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Quantum algorithms are inherently probabilistic. Let's say I run Shor's factoring algorithm on some number. There's a chance that the output I observe is incorrect. Does the many-worlds theory suggest that I'm simply in a universe where the output happened to be wrong? Because the probability of error is slim, does that mean the vast majority of universes realize a correct execution of the algorithm?

Edit: Thanks to Mark S for pointing me to Effects of quantum computing on parallel universes which fully explores my question. Also, a big thanks to everyone who commented here! The questions raised and resources raised have only helped to enhance my curiosity about the subject.

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    $\begingroup$ This is covered in chapter 10 of Quantum Computing since Democritus by Scott Aaronson. You'll also find a ton of posts about the MWI on his Shtetl-Optimized blog. $\endgroup$ – Sanchayan Dutta Jan 26 at 6:47
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    $\begingroup$ Hi TWal, and welcome to QCSE. This may answer your question? Effects of quantum computing on parallel universes If not, can you consider revising your question more? $\endgroup$ – Mark S Jan 27 at 23:57
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Quantum algorithm can give answers with 100% certainty. For example, Grover's algorithm can give the answer with certainty when the ratio of "good" items to "bad" items satisfies some constraints. The uncertainty exists when the output state is not an eigenstate of the measurement observable.

On the other hand, Shor's algorithm is a hybrid of classical and quantum steps. The quantum order finding step might fail to find an appropriate "order" in an iteration, but you cannot say it is incorrect. Instead, the measurement gives one of the phases of the unitary operator $U|y\rangle =|xy \text{(mod } N\text{)}\rangle$, the phase can then be used to derive the order classically. However only some of these orders can be used to find the factors. If the order found after measurement is not appropriate, Shor's algorithm need to repeat the quantum step (together with some classic steps). (There are multiple phases because the input $|1\rangle$ is a superposition of many eigenvectors associated with these phases.)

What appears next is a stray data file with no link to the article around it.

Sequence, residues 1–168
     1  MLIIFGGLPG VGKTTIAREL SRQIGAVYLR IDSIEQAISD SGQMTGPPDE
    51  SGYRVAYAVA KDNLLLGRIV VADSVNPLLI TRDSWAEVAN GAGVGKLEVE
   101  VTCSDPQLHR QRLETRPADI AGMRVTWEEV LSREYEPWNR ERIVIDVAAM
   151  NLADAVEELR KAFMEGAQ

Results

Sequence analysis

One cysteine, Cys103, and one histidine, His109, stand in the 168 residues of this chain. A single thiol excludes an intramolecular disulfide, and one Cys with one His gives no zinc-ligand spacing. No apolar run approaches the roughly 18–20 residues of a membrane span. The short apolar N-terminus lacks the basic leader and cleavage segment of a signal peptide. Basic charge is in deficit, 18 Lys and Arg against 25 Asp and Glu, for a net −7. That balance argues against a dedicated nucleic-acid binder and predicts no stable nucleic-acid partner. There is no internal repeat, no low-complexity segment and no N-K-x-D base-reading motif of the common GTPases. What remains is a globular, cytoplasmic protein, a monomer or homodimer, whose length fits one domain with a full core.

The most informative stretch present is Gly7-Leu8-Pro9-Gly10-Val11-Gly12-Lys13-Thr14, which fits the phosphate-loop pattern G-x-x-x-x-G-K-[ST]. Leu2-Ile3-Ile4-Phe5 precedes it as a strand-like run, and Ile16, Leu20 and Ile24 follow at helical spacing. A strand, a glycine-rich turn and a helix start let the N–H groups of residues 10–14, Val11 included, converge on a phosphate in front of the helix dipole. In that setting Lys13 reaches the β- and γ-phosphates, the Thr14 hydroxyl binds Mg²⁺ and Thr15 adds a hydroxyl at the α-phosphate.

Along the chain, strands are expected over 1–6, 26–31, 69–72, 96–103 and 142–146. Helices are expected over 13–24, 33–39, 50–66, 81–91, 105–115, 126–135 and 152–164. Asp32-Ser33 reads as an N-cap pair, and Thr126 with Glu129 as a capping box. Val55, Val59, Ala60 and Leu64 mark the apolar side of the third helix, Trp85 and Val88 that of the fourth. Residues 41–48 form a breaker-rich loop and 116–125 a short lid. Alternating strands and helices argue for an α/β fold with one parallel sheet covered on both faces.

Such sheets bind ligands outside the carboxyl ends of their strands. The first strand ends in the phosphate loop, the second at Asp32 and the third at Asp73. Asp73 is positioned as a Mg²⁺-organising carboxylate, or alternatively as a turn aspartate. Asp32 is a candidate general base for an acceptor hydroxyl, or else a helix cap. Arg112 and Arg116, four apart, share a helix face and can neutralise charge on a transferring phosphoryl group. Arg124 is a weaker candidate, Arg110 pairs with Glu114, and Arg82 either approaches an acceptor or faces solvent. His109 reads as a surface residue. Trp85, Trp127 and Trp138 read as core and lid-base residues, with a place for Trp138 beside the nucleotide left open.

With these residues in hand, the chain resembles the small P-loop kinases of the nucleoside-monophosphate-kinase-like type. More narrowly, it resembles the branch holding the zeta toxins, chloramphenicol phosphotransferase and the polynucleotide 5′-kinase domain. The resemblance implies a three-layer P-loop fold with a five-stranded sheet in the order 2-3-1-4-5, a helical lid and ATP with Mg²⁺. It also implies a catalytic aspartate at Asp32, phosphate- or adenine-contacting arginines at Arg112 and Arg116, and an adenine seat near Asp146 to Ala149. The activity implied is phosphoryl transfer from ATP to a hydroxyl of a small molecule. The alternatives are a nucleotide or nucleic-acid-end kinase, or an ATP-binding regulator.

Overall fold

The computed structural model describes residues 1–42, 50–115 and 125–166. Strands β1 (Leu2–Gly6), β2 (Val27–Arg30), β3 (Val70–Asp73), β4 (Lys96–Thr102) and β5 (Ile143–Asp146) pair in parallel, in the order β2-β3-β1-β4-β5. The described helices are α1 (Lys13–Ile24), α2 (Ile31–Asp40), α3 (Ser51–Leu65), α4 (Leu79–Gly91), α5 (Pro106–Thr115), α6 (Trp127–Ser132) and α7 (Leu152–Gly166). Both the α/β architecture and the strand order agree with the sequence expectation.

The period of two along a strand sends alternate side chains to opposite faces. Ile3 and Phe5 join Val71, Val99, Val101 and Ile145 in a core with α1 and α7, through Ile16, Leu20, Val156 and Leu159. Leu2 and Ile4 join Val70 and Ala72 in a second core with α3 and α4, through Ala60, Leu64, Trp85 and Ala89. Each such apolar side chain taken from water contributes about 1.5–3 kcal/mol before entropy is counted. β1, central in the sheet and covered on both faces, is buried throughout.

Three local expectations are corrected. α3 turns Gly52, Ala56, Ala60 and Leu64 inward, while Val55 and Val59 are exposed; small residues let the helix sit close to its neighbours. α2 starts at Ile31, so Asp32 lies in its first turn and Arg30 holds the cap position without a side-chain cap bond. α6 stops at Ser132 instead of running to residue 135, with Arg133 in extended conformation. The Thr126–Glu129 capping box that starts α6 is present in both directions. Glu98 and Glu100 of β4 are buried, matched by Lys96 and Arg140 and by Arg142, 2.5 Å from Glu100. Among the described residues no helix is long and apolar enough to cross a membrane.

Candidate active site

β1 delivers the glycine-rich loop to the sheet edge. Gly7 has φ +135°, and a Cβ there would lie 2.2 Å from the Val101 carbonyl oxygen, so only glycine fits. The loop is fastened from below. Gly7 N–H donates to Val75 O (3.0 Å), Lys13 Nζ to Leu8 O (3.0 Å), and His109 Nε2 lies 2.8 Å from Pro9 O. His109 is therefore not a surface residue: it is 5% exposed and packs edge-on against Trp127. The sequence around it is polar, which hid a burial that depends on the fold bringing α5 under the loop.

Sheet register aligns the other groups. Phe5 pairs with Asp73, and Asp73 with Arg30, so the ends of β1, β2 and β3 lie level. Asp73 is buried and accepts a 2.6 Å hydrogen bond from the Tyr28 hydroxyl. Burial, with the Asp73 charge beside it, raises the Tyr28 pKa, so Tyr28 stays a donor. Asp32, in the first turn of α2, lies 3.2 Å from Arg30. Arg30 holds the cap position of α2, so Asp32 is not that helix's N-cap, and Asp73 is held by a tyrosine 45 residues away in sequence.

Many word theory is more philosophical than computationally or informational. Using this theory, at least one of the world will find an appropriate order in the first iteration and Shor's algorithm will stop quicker. In some world, all iterations fail (as long as you continue) to find the appropriate order and Shor's algorithm will not finish. Of course, Shor proved that the probability of not finishing can be arbitrarily low given enough iterations.

Some people reject many world theory using a joke: you can believe it in the other worlds. To me, the challenge is where does the (exponential, enormous) extra energy come as worlds split all the time?

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    $\begingroup$ @czwang: You mentioned that Grover algorithm is able to find a correct answer with 100 % certainty. From many-worlds perspective, does this mean that Grover work properly only in one of these many worlds? Or, does this mean that there is no splitting of words ? $\endgroup$ – Martin Vesely Jan 26 at 6:59
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    $\begingroup$ Why should there be extra energy as a result of world splitting? (What's your normalisation?) $\endgroup$ – Niel de Beaudrap Jan 26 at 12:20
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    $\begingroup$ @Martin Vesely: In the special cases, Grover algorithm ends in a single eigenstate with eigenvalue 1 before measurement. As a result, measurement does not result in world splitting. $\endgroup$ – czwang Jan 26 at 17:06
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    $\begingroup$ @Niel de Beaudrap: as far as I understand, energy is preserved in each world. Splitting adds new worlds, each contains the same amount of energy as the world before the split. I am not saying this assumption is wrong, just I have a hard time to believe it. $\endgroup$ – czwang Jan 26 at 17:10
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    $\begingroup$ @TWal: you are right, the sentence is a bit misleading. I will edit it to clarify and hopefully address you questions. $\endgroup$ – czwang Jan 26 at 17:34

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